A Loss for New Mexico: A letter to the Editor

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Courtesy 
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Courtesy Photo

With the death of former state Supreme Court Chief Justice Charles Daniels, New Mexico lost not just an accomplished jurist committed to the fair treatment of all New Mexicans, but also a dedicated public servant whose leadership in the judiciary helped the state weather two fiscal downturns.

Justice Daniels, who sat on the Supreme Court from 2007 until 2018, served as chief justice twice – first from 2010 to 2012, when the state was still scrambling from the Great Recession, and again from 2016 to 2017, when the state was trying to survive a deep fiscal downturn triggered by a drop in oil prices. His unfortunate timing was fortunate for New Mexico.

As chairwoman of the Legislative Finance Committee during the oil bust, I can testify to Justice Daniel’s thoughtful and responsive leadership of the courts. New Mexico was fiscally upside down and, as the administrative head of a separate branch of government, the chief justice could have been difficult and combative. Instead, he worked with court leadership throughout the state to identify the least harmful cuts. He recognized that, although a different branch, the courts are part of state government and could be part of the solution. He set the tone and the courts followed.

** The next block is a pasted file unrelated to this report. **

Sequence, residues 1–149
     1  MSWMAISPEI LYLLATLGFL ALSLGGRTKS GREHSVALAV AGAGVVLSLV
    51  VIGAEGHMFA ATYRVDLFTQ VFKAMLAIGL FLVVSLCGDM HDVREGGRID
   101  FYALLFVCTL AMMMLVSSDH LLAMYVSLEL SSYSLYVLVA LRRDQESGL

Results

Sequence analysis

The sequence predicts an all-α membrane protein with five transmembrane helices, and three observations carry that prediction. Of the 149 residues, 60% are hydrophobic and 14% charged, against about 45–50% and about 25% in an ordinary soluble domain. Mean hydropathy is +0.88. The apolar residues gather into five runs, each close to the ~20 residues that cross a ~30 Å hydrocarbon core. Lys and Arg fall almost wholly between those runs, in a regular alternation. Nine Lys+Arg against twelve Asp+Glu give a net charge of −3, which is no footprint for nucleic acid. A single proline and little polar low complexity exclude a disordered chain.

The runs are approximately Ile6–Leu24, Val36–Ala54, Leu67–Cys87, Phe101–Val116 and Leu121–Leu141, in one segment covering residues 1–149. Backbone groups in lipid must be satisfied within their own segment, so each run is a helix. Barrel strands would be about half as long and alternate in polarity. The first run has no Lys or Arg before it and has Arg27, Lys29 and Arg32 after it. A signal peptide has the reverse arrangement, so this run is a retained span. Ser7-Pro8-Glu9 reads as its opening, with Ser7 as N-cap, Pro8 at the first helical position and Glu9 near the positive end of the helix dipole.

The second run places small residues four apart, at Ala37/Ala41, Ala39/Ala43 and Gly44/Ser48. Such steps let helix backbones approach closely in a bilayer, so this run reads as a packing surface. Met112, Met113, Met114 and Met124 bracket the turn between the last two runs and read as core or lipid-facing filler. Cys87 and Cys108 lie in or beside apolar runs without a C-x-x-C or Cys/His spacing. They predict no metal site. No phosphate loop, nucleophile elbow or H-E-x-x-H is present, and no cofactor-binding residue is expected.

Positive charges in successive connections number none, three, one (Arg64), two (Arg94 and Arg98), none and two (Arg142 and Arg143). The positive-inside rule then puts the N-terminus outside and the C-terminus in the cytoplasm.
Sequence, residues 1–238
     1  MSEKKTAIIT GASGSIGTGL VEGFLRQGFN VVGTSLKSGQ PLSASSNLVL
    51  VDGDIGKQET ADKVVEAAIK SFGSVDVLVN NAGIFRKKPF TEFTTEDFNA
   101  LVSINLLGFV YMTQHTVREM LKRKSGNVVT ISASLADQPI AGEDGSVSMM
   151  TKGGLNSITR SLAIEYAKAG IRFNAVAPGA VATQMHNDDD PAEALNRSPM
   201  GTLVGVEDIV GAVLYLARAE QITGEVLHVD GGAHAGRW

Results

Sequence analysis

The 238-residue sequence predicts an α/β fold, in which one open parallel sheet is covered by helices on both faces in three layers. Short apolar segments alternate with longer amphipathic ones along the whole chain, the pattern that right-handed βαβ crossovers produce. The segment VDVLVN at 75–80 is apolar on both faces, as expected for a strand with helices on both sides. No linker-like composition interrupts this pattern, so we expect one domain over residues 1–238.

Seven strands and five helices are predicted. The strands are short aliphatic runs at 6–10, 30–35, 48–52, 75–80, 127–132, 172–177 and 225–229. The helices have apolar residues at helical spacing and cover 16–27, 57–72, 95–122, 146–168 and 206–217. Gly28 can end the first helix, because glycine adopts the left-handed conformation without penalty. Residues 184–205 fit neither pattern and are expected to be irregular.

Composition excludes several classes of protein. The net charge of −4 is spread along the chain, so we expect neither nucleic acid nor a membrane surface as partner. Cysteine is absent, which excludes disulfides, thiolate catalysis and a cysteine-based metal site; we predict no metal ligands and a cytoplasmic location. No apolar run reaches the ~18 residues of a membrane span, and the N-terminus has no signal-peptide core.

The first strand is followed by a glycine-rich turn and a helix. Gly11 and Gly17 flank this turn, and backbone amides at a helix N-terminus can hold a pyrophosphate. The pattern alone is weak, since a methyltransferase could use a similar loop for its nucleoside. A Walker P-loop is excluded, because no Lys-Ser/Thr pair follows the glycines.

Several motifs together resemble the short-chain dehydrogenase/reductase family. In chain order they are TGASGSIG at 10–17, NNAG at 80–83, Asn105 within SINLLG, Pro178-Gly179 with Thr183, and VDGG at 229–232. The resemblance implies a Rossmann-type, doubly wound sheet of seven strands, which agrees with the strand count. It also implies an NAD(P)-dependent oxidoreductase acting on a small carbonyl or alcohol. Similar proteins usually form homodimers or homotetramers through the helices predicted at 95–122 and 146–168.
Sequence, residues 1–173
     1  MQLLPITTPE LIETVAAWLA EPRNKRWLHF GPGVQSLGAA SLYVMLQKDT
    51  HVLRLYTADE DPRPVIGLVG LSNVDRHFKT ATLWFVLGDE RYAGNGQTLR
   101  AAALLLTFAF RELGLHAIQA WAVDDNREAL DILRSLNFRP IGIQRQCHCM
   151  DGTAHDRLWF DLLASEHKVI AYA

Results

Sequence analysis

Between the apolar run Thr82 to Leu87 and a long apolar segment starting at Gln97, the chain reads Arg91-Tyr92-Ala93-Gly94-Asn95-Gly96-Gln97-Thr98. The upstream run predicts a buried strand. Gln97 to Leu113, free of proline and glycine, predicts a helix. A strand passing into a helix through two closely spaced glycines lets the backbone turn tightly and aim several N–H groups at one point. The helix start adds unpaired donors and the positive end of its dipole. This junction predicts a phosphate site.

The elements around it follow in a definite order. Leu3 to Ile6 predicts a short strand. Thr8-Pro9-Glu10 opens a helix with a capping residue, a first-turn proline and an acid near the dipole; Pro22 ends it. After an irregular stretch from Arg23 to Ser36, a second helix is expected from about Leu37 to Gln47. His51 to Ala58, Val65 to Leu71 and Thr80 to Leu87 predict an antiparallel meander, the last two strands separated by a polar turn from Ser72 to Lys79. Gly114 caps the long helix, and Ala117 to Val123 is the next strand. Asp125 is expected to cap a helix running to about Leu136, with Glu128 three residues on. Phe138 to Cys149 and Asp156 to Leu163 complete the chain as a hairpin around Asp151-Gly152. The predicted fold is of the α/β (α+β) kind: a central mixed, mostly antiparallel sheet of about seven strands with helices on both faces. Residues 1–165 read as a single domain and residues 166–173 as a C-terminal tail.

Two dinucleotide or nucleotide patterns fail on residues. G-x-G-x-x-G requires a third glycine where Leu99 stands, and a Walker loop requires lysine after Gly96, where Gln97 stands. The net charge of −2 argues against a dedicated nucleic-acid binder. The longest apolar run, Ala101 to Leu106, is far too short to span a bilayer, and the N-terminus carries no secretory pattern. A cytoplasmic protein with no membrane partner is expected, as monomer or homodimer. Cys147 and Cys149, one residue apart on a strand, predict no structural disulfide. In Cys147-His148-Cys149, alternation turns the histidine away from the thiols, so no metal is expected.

Of course, his leadership during the fiscal crises was just a reflection of his inherent integrity. Born in a sharecropper’s shack absent indoor plumbing and electricity, he was the first in his family to earn a high school diploma and went on to serve in the Air Force and graduated magna cum laude from the University of Arizona and first in his class from the University of New Mexico law school. He then attended Georgetown University on a prestigious fellowship and earned a master’s degree in law.

In addition to serving on the court, he was a law professor and criminal defense and civil rights, attorney. Over his 38-year career in law, Daniels received the Outstanding Lawyer of the Year award from the Albuquerque Bar Association, the Quality of Life award from the New Mexico Bar Association, and the National Trial Advocacy Teacher of the Year award from the Roscoe Pound Foundation.

As part of his passion to ensure every New Mexican had equal access to justice, Daniels successfully pushed for bail reform, and he was critical to the Supreme Court’s effort to reform state guardianship and conservatorship laws.

Outside the courts, his drove race cars around the country and played electric bass, first in the country-leaning Lawyers, Guns and Money, most recently with the rock band The Incredible Woodpeckers, and one time in a music video with Brooks and Dunn.

Justice Daniels leaves behind an impressive record and colorful legacy. He will be missed, not least by those of us who worked with him on behalf of New Mexicans during a very difficult time.

Representative Patricia Lundstrom, executive director of the Greater Gallup Economic Development Corporation, has served in the New Mexico Legislature representing McKinley and San Juan counties since January 2001. She is chairwoman of the House Appropriations and Finance Committee and vice chairwoman of the Legislative Finance Committee. She is also a member of the House Transportation, Public Works and Capital Improvements Committee.


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